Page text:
still at it

Matt Kirschenbaum explains Why I Blog Under My Own Name (and a Modest Proposal) (via).

The overall message: blogging can have great benefits if done properly.

My fingers itched to put scare quotes around the word properly. But really, I’m not being disrespectful.

Here’s what I’m chewing on. Properly, I think for MGK, means professionally. It means talking about your research, research that is in various stages of progress. Other stuff: politics, current events, and “midnight anxieties”–off limits.

And I respect this. I have enormous respect for this, esp in light of his blog living on his public U’s server.

(Pick your comparative transition), this to me feels patriarchal. Or masculinist. Forgive me while I spew out some terms I’m literally wrestling with. All of those things that have been traditionally marked (indicted) as feminine: the emotion, the daily living, the embodiment of the writer and hir experience is rendered useless. None if it has a place in/on the medium, or genre.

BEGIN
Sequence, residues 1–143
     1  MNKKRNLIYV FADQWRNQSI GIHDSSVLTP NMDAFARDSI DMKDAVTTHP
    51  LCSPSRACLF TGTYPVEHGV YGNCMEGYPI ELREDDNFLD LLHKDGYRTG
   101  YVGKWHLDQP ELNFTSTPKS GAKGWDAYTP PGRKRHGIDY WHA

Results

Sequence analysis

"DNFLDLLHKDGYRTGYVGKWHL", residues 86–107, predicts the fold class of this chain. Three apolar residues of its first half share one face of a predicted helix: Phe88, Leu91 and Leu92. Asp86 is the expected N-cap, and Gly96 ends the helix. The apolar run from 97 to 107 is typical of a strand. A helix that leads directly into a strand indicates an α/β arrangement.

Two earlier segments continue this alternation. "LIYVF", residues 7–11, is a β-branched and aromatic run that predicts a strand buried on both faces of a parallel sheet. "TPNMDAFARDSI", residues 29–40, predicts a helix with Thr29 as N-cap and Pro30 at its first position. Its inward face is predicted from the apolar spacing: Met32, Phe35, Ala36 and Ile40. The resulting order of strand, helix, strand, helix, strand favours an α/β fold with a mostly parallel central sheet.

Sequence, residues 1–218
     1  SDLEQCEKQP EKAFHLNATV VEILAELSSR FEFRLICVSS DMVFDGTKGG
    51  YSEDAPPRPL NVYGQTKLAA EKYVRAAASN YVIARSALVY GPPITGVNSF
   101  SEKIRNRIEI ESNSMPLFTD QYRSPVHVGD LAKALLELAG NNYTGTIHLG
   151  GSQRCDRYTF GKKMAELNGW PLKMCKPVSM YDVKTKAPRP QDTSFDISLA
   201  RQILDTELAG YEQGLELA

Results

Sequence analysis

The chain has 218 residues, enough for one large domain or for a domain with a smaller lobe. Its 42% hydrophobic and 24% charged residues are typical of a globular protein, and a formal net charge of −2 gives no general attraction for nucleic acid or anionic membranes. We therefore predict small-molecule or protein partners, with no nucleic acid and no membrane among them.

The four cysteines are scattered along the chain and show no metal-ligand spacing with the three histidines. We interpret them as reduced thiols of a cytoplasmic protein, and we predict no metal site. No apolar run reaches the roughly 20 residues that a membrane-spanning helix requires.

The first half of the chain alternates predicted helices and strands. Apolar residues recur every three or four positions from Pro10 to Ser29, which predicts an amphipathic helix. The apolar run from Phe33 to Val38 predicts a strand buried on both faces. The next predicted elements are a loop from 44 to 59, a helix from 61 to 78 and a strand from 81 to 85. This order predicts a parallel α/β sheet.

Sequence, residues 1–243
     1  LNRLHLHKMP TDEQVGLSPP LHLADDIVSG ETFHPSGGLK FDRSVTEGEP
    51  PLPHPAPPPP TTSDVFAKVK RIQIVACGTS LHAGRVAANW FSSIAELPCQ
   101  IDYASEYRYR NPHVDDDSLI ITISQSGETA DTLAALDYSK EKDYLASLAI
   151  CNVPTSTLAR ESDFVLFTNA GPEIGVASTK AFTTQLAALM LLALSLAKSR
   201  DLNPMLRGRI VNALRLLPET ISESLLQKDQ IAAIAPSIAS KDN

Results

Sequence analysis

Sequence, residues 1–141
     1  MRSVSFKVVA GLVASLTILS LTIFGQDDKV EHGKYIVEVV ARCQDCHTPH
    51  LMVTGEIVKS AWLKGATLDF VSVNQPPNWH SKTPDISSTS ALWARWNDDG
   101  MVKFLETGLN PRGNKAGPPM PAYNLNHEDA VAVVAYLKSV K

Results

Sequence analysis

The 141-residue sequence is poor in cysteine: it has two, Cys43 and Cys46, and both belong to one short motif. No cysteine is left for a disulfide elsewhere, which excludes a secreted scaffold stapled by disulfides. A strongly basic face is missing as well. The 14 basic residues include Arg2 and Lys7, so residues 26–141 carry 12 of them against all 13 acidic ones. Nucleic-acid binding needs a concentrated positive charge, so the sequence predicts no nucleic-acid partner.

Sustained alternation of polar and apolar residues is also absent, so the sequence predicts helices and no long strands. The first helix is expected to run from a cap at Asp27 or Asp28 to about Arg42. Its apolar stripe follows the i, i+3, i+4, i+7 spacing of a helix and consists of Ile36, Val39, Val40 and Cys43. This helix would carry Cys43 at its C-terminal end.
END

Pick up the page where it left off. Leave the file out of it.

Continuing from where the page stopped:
The line between public and private is a gendered one? I don’t think I’m that far afield. In fact, that’s somewhere in what I’m reading for exams. Somewhere.


3 thoughts on “still at it

  1. Yes, definitely. Patriarchal or masculinist or whatever term – but you’re absolutely right. Same reason why novels were so disrespected for so long (says the historian, who may have that slightly wrong!).

  2. I certainly find that I most enjoy reading pseudonymous blogs (by men as well as women). The personal stories, the political outrage, the feelings, the anecodotes — these are what interest me.

    But my own blog — not anonymous — serves a different purpose. It is primarily a “work blog”. And because it carries my name, I censor myself fairly carefully — “what if a coaching client or a psychotherapy patient reads this,” I think. Sometimes I long to start a second pseudonymous blog — but I think that I’d have to get rid of one of my four children to carve out the time to do so!

  3. I am so agreeing with you on this.

    Everything in our culture is judged on the basis of “masculine” behavior and accepted standards. Ugh.

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